Atlantic Marine Conservation Society receives $95G for education coordinator
In its four-year existence, the Atlantic Marine Conservation Society has done what it can to help marine wildlife. Now the AMCS is getting a helping hand itself.
The nonprofit AMSC was presented with a $95,822 check Wednesday afternoon, a grant by Parks & Trails New York to expand a partnership with Hallock State Park Preserve by creating a two-year education coordinator position. This grant — money from real estate transfer fees that goes into an environmental protection fund — is being matched by local contributors, including the AMCS, said Richard Remmer, a board member and vice chairman of Parks & Trails New York.
The oversized check was presented during an 18-minute ceremony at Hallock State Park Preserve in Riverhead.
In addition to conducting research on marine life and responding to stranded animals, the AMCS sees public education as a vital part of its mission. Robert DiGiovanni Jr., the AMCS founder and chief scientist, said through education people may become better stewards of the environment. He said, “I have been involved with marine mammal and sea turtle rescue for, well, it is close to three decades now and the most common thing we hear is, ‘I had no idea there were whales here.’ ”
Mr. DiGiovanni, in an interview before the ceremony, recalled being asked by schoolchildren what was the worst stranding he had seen.
“I thought about it for a minute and I realized, it’s the one that we can do something about,” he said. “So, if you’re talking about an animal that has ingested debris or gear and we can do something to mitigate that, those are the ones we need to be able to change.”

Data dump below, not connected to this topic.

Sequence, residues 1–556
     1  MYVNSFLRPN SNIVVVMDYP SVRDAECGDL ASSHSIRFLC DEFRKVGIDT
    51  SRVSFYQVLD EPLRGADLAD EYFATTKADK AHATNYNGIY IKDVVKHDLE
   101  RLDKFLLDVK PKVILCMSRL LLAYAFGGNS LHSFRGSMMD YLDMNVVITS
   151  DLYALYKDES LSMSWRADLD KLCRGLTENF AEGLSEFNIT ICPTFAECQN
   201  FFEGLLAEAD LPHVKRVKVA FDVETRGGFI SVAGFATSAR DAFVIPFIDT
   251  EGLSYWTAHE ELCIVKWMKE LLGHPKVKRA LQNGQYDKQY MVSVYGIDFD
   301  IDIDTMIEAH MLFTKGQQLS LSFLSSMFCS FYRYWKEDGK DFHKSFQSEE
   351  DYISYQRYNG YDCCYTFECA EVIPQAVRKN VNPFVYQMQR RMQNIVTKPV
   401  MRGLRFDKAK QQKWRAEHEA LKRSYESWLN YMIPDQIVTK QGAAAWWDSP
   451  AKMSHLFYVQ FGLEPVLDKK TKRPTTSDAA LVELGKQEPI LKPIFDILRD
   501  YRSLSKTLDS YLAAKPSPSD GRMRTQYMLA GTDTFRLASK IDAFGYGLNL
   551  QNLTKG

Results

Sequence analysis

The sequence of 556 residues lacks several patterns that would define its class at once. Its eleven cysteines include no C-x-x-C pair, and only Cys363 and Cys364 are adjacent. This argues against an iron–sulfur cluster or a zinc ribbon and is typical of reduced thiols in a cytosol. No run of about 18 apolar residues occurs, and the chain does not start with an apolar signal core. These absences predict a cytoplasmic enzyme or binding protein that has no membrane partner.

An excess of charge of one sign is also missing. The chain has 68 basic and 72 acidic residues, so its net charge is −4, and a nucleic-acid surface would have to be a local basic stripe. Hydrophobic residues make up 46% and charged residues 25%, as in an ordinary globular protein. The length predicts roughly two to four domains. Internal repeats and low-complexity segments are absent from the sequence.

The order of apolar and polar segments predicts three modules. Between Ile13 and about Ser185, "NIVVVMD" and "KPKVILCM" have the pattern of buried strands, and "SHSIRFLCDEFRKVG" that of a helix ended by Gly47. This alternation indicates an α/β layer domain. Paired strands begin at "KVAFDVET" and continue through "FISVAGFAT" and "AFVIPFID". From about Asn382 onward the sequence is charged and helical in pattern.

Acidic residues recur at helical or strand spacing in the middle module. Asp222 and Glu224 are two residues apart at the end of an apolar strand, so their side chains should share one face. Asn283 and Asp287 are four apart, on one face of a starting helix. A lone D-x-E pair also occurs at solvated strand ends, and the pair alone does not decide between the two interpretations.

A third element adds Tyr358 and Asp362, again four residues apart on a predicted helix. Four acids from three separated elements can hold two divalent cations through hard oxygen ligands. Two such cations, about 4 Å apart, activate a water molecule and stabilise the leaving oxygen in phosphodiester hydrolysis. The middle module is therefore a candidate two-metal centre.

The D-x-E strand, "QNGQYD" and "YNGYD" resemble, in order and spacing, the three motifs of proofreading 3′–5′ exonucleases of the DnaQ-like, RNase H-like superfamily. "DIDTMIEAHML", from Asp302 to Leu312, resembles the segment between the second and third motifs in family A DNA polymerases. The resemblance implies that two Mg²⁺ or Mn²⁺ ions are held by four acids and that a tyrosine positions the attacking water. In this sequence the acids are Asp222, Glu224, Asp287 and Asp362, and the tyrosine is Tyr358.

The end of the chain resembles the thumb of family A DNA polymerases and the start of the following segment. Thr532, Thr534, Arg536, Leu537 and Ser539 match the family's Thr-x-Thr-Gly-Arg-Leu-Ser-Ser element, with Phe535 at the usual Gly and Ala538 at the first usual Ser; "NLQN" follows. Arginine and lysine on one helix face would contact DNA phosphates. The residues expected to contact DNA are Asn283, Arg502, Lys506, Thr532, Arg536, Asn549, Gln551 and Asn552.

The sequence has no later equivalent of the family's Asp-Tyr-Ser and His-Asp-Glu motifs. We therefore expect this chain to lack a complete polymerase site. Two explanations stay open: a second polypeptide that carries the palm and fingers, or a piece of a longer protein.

State Assemblyman Fred Thiele (I-Sag Harbor) said the public has great interest in protecting marine animals. “Partnership is one word and eduction is the other, and that’s where this money is going to be utilized,” he said. “Education is a critical part in continuing our conservation efforts.”
State Assemblyman Anthony Palumbo (R-New Suffolk) said: “I think this is government in action. This is good government, having public and private partnerships and grants that can enhance not only our communities, particularly during the pandemic … This grant money will go a long way to further beautify this park.”
George Gorman, the Long Island state parks regional director, said increased infrastucture funding for state parks has been beneficial. “Particularly here on Long Island, every park has benefitted to a large degree,” he said.
Mr. DiGiovanni said the AMSC has responded to over 800 animals.
“We have more whales washing up on our shores, but we also have more whales being seen here,” he said, referring to the New York/New Jersey Bight. “Twenty years ago it would be rare to see a whale. Prior to 2007, you would get one large whale every couple of years. After 2007, you got one or two a year. Now we’re already at 11 large whales this year alone.
“That’s a change. Now, if we’re seeing a lot more animals, well then maybe that’s proportional, but we need to understand that so we can understand the impact.”